The small exercises to reinforce the concepts are a big win.

Consider doing something like this on Udemy.

Cheers

b

Good point. I’ve added the explicit units. Thanks.

]]>One small comment, for whatever reason I was confused for a while by “You can see that the cosine curve basically is the sine curve shifted to the left by 90^\circ, or \frac{\pi}{2}.”. It might be slightly more clear for dotards such as myself if you explicitly state that this is in radians, even if you did earlier state that omitting degrees implies this.

]]>Thanks for the feedback! I will keep this in mind when writing future tutorials.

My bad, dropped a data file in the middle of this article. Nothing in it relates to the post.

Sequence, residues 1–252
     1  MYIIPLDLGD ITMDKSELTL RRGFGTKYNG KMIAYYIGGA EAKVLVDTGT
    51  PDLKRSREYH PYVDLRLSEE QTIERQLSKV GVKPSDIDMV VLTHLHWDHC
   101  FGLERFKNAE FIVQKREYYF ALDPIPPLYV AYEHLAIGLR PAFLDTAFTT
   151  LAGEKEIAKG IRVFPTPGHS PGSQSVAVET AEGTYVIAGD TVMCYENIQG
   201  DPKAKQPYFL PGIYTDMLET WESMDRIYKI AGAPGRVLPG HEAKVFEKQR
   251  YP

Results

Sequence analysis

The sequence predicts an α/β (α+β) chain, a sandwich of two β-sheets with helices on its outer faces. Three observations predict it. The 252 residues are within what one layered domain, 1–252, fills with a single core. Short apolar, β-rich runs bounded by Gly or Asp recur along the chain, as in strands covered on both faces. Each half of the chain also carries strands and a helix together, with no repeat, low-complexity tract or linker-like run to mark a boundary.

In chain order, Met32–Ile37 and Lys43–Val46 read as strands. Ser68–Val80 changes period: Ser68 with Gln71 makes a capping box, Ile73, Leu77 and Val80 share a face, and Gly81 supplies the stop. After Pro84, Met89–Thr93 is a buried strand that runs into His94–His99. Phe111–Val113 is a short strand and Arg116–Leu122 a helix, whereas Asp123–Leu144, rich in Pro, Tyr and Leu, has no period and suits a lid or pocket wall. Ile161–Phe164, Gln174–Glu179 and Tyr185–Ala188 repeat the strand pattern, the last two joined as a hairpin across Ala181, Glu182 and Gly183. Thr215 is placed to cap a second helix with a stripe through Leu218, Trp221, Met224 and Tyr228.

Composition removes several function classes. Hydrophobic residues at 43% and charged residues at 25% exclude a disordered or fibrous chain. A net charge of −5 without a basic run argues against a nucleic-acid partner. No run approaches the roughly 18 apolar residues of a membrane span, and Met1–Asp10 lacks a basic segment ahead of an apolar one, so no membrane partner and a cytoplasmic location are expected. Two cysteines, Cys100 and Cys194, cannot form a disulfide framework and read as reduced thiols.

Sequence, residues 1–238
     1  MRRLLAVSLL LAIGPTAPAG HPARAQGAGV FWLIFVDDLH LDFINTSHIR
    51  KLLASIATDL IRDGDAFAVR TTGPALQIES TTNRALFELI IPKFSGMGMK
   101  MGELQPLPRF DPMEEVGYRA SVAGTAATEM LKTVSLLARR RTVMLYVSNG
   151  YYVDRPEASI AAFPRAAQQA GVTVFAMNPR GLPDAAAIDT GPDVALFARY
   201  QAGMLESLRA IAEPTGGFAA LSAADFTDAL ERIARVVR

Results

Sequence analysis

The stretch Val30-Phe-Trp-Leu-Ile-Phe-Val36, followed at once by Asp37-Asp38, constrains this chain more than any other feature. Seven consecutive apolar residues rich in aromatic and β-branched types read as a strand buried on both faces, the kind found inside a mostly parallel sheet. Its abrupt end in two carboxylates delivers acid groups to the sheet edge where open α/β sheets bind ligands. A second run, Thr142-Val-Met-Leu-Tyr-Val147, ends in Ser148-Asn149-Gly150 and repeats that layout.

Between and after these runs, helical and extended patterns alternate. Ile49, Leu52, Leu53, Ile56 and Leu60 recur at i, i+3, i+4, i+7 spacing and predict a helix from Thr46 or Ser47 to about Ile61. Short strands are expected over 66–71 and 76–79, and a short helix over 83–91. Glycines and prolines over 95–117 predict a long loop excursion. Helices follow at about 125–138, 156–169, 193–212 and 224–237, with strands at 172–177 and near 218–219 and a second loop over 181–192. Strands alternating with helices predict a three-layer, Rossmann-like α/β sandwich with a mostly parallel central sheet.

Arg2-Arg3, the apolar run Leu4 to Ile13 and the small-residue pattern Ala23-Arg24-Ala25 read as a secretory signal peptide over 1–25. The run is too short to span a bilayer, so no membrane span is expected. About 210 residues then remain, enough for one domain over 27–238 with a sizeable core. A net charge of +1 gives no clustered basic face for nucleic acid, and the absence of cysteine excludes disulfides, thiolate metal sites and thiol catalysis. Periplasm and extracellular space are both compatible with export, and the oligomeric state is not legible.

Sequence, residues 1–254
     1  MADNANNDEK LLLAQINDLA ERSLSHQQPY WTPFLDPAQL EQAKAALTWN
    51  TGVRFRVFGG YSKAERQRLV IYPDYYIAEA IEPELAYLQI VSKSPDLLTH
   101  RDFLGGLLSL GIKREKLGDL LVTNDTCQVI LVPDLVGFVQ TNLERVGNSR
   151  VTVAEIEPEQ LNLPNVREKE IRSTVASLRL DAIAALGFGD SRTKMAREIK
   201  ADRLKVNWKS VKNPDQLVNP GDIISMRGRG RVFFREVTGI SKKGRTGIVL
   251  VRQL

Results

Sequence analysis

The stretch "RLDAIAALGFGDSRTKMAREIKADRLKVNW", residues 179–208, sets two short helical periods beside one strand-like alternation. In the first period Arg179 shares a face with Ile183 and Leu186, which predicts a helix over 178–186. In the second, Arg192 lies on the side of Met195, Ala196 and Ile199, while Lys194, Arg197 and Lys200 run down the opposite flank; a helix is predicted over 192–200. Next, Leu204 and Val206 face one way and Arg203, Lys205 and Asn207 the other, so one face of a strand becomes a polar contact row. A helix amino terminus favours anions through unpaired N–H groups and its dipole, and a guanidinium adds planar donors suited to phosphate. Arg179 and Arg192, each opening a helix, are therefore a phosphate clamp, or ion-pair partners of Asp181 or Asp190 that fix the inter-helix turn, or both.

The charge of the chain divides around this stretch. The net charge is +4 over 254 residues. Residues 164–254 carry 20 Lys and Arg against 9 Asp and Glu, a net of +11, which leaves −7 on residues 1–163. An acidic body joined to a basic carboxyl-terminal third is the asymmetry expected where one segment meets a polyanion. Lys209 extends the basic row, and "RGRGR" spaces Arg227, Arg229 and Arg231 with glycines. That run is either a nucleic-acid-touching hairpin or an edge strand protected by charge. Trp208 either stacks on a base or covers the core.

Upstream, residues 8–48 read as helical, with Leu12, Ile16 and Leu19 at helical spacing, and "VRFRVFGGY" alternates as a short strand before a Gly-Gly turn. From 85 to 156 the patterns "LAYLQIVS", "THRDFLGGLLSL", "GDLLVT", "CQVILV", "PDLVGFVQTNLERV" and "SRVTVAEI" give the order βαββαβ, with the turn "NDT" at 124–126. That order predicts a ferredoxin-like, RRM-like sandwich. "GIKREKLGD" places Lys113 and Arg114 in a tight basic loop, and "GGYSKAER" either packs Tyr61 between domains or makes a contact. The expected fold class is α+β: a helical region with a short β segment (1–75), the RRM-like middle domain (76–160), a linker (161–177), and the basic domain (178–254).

]]>This is an excellent summary but a terrible tutorial. It’s such an excellent summary that I’ve bookmarked it. It’s such a terrible introduction/tutorial that there is no way I’m exposing my kids to it until they have a solid grasp of those 2 functions. If you haven’t seen this stuff before this tutorial would be incredibly confusing. If you have, you realize what an elegant and conscise summary and demo you’ve constructed.

]]>I think you need to multiply by the result by a in your sterp function, ie. twist * swing * a. Because twist * swing is only the delta rotation. If we want a quaternion between a and b, we need to start from a, and as such multiply by a in the result.

Thanks for the interesting article!

]]>